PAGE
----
• At a 100% charge level, a typical Li-ion laptop battery that is full most of the time at 25 °C or 77 °F will irreversibly lose approximately 20% capacity per year. However, a battery in a poorly ventilated laptop may be subject to a prolonged exposure to much higher temperatures, which will significantly shorten its life. Different storage temperatures produce different loss results: 6% loss at 0 °C (32 °F), 20% at 25 °C (77 °F), and 35% at 40 °C (104 °F). When stored at 40%–60% charge level, the capacity loss is reduced to 2%, 4%, 15% at 0, 25 and 40 degrees Celsius respectively.[34][citation needed]

[edit] Internal resistance

The internal resistance of lithium-ion batteries is high compared to other rechargeable chemistries such as nickel-metal hydride and nickel-cadmium. It increases with both cycling and chronological age.[32][35] Rising internal resistance causes the voltage at the terminals to drop under load, reducing the maximum current that can be drawn from them. Eventually they reach a point at which the battery can no longer operate the equipment it is installed in for an adequate period.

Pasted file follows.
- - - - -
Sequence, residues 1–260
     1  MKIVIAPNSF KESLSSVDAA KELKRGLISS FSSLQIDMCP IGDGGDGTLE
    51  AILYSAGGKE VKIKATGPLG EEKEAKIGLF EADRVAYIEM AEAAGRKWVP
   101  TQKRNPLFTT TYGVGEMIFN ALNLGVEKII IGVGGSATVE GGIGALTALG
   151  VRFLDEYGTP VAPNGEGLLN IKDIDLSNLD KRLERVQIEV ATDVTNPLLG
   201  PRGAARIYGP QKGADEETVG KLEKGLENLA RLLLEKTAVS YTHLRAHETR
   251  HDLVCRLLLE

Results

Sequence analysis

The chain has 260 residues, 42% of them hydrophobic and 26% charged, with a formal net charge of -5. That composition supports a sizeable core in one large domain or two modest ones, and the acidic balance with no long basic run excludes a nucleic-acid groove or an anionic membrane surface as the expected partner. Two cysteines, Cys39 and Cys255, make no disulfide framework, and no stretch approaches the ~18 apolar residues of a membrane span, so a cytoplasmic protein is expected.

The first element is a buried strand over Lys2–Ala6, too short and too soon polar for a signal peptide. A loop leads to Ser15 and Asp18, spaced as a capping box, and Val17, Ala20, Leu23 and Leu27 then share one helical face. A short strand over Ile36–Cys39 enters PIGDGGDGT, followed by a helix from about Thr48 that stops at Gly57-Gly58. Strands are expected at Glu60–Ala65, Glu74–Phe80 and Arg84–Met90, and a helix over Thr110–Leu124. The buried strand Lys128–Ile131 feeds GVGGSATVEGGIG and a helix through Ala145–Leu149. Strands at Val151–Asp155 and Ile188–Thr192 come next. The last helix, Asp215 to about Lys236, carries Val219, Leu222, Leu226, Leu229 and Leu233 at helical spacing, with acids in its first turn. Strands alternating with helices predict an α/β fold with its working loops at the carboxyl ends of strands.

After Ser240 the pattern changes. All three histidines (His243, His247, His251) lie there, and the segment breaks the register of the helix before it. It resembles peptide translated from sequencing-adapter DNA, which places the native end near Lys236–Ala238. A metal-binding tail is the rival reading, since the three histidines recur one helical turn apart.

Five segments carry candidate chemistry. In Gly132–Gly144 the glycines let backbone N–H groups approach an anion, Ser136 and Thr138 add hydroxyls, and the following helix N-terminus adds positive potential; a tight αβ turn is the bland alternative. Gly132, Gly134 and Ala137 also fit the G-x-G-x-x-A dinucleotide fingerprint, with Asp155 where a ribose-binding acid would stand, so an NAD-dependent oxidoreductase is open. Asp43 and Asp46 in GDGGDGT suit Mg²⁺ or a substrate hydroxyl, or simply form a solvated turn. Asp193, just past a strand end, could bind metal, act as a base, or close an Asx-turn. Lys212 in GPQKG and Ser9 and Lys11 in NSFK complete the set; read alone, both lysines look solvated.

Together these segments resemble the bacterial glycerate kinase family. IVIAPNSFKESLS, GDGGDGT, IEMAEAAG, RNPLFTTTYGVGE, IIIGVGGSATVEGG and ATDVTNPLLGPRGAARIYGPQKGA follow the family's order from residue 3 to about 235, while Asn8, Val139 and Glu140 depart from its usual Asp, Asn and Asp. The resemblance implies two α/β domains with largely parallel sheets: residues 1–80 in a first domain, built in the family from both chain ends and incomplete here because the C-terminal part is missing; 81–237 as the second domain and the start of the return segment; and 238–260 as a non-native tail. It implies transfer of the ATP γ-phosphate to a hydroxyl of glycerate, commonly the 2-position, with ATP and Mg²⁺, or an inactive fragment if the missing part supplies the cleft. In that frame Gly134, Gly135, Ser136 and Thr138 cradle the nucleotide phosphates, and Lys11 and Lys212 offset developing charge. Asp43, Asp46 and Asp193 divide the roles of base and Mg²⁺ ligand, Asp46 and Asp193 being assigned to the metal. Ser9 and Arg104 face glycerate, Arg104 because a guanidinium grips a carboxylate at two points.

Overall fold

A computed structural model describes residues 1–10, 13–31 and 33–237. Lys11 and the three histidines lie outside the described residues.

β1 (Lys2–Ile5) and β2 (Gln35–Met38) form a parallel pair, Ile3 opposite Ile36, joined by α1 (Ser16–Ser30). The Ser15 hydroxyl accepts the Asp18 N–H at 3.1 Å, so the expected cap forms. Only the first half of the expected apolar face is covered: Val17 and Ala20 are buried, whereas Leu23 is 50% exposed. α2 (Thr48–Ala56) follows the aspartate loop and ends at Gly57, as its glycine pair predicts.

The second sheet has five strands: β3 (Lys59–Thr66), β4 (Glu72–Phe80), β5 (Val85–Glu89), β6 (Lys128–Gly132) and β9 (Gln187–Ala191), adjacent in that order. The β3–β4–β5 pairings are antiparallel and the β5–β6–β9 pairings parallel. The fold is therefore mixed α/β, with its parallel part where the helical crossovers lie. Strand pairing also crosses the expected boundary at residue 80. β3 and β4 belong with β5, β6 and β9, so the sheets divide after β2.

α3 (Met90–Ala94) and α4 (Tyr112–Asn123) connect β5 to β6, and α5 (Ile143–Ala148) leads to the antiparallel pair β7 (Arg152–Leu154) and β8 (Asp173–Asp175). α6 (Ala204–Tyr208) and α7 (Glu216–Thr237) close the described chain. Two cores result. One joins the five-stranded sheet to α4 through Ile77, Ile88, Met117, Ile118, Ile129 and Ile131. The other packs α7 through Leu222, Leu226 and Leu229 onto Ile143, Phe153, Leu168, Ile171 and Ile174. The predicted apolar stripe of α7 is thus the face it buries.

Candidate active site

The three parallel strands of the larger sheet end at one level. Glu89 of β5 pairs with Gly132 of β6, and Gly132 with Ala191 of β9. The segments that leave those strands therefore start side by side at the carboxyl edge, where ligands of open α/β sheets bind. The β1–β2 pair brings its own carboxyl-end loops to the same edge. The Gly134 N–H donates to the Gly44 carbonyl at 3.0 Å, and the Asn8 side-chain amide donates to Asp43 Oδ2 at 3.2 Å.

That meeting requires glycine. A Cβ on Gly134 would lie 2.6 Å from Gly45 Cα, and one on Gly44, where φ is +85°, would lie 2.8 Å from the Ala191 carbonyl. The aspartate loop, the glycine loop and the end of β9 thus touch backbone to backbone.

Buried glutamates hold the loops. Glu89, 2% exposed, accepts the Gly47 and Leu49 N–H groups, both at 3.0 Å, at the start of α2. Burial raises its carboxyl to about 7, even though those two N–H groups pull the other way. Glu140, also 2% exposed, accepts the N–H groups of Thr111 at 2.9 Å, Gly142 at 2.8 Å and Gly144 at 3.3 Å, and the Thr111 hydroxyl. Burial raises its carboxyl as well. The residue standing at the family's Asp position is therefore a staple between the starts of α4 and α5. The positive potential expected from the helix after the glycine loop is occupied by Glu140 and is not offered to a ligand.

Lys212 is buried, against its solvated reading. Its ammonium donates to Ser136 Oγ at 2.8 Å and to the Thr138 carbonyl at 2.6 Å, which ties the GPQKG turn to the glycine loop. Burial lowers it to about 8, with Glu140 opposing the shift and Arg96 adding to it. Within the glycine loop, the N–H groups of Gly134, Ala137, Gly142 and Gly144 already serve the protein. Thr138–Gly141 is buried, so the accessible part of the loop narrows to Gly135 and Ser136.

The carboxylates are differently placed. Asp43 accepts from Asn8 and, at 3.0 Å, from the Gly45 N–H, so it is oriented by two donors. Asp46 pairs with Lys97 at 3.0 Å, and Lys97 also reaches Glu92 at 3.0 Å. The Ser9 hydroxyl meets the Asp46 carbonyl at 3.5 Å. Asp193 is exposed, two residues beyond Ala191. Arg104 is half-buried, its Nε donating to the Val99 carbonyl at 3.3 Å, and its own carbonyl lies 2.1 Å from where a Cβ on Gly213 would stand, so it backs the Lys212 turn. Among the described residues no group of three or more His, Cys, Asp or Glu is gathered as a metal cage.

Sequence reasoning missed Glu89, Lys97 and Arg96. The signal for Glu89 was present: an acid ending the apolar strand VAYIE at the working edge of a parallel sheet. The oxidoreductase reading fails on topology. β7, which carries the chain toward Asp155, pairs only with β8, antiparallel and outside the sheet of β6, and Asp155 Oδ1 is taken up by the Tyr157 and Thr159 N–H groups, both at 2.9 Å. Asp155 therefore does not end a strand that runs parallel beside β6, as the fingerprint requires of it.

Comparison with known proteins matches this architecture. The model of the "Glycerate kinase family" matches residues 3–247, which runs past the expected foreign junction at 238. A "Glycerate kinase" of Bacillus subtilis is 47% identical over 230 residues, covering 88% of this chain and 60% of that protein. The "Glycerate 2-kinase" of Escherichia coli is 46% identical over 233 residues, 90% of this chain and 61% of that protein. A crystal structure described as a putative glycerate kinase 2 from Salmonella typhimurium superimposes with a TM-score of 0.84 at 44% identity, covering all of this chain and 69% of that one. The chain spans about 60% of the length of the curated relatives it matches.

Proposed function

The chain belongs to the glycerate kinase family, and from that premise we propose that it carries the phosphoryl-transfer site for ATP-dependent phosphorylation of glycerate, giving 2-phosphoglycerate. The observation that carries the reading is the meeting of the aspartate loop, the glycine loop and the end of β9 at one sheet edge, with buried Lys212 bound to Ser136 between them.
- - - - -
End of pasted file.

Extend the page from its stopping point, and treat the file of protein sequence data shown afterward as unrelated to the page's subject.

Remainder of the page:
High drain applications such as power tools may require the battery to be able to supply a current that would drain the battery in 1/15 hour if sustained; e.g. 22.5 A for a battery with a capacity of 1.5 A·h). Lower-power devices such as MP3 players, on the other hand, may draw low enough current to run for 10 hours on a charge (e.g. 150 mA for a battery with a capacity of 1500 mA·h). With similar battery technology, the MP3 player's battery will effectively last much longer, since it can tolerate a much higher internal resistance. To power larger devices, such as electric cars, it is much more efficient to connect many smaller batteries in a parallel circuit rather than using a single large battery.[36]

[edit] Safety requirements